Go with somebody who doesn’t know a certain part of London to Bank Station and tell them to take the Tube (aka the London Underground) to the Mansion House station, while you walk there. Using the standard underground map, which is very easy to read, they will take a Central Line train… change to a Circle Line train heading east and travel five more stops. This might take quite a while, depending on how long they have to wait for their connection at Liverpool Street. When they finally arrive at their destination and emerge from underground, what they’ll discover is that they’re in fact only 200 feet down the street from Bank Station, where they started their journey, and that by hoofing it, you’ve had enough time to eat breakfast and do some shopping while waiting for them. [3] 

Once we get to know something or somebody, our perception of it—or them—changes. The way I get around Huntsville, for example, is very different now than it was last year when I first arrived. Back then, Huntsville was simply a series of destinations and right and left turns. I had no real picture of the overall reality. Now I feel a lot less hassled getting where I’m going because I know more than just what Google Maps tells me.

And so it is with people. Once we get to know someone, we understand them a lot better. We know a bit more about what makes them tip. Sometimes we are even privileged to know why they’re like they are (but not always).

Being a Christian is a lot like getting to know a place and getting to know a Person. We have roadmaps such as the Bible and creeds and the order of worship. And of course the reason we have those things is so we can better find Jesus—encounter Jesus. And ours is a church that believes that no two people find Jesus in exactly the same way and in exactly the same place. In fact, sometimes we don’t find Jesus at all. Instead, Jesus finds us. We believe this is true, because the Bible teaches us this. Just look at how Jesus appeared in the first place:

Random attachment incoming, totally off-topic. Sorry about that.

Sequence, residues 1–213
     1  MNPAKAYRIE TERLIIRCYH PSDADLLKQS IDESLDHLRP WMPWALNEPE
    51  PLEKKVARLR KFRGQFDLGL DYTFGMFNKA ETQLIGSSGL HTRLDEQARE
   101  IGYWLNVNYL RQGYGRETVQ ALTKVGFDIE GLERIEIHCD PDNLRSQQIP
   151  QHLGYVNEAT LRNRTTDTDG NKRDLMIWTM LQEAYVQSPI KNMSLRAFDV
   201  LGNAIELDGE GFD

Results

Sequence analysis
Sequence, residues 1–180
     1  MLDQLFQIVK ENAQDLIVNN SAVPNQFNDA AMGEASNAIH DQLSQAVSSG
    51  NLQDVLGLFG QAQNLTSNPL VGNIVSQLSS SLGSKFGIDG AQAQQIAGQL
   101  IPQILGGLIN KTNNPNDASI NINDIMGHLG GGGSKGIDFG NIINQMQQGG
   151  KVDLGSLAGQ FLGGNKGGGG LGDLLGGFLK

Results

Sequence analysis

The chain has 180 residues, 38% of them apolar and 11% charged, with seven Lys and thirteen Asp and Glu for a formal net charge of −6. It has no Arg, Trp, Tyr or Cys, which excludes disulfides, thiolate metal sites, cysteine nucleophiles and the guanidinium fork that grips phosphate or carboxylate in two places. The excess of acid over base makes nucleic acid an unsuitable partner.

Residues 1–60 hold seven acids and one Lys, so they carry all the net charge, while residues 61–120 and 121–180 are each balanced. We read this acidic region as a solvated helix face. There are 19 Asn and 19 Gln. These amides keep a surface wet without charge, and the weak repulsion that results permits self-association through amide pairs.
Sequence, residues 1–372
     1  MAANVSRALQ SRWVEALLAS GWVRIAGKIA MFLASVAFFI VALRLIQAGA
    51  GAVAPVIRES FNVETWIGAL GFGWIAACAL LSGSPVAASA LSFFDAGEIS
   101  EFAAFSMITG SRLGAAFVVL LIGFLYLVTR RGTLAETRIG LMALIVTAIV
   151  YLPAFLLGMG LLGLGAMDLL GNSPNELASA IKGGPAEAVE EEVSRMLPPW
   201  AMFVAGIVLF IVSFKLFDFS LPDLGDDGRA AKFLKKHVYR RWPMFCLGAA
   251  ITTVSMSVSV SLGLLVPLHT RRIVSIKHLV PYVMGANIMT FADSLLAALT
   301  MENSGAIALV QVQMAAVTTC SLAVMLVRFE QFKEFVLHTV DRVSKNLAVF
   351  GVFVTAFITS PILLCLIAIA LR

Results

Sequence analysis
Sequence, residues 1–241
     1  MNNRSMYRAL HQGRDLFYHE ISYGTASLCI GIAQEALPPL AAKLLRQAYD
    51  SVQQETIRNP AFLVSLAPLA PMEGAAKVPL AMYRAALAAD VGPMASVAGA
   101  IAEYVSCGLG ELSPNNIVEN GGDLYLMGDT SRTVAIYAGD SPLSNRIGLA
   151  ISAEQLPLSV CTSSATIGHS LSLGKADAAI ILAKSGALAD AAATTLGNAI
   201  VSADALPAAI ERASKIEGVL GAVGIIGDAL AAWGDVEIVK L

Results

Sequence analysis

• Mary gave birth to him. 
  • Joseph dreamed of him. 
  • The shepherds were sent there by the angels. 
  • And the wise men were led by a star. 
  • Martha and Mary encountered them in their home. 
  • The Samaritan woman met him at a well. 
  • Zacchaeus spied him from a sycamore tree. 
  • Peter and Andrew met him on the lakeshore. 
  • The woman caught in the act of adultery in a place of execution.
And not only did each of these people meet Jesus in a different place under unique circumstances, but Jesus message to each of them was different. Healing, forgiveness, revelation, invitation—no two stories were alike, but does that mean that some were made whole and others left wanting? Or should we simply accept the fact that there’s no such thing as one-size-fits-all Christianity, and that each variation results in the salvation of the one who encounters Jesus with faith?

The real litmus test for whether or not an encounter with Jesus is genuine or complete should not be, “Was it like mine?” but rather did it transform? Did the person who met Jesus go about their life as they always had before, or did they follow a different path after meeting Jesus than the one they were following on their way into the encounter?

I read an article recently by someone who observed apes who’d learned sign language. It’s an amazing accomplishment that demonstrated great intelligence on the part of non-human animals. But one interesting fact stands out: Though apes can use sign language to state facts or to make requests—some even used sign language to mislead in order to get something they want—they never use it to ask questions. It never occurs to any of them that another living entity might possess knowledge that they didn’t have.

One of the most important and unique things about being human, then, is our ability to ask questions—to acknowledge that another knows something we don’t, and that our encounter with another person might result in learning. To learn from another is to be changed, and I think that’s what happened to the magi at Jesus’ cradle.

We’ll never know what questions they asked, and we’ll never know what answers they received. But something happened in that meeting that changed the world, that opened up possibilities that hadn’t existed before. And the main thing Christians have celebrated in that meeting—in the theological and historical sense—is that the visit of the wise men to the Baby Jesus was the origin of the idea that Jesus did not just come for one chosen people, but that in him, all people were chosen by God. God used astrology of all things to lead these men to a King who wasn’t supposed to be their king—and it transformed the way they looked at the world.
—©2018 Sam L. Greening, jr 

  1. N.T. Wright, Matthew for Everyone, Part One (Louisville: Westminster John Knox, 2004), p. 10.
  2. Matthew 2:12b.
  3. Bill Bryson, Notes from a Small Island (New York: HarperCollins, 1995), p. 18.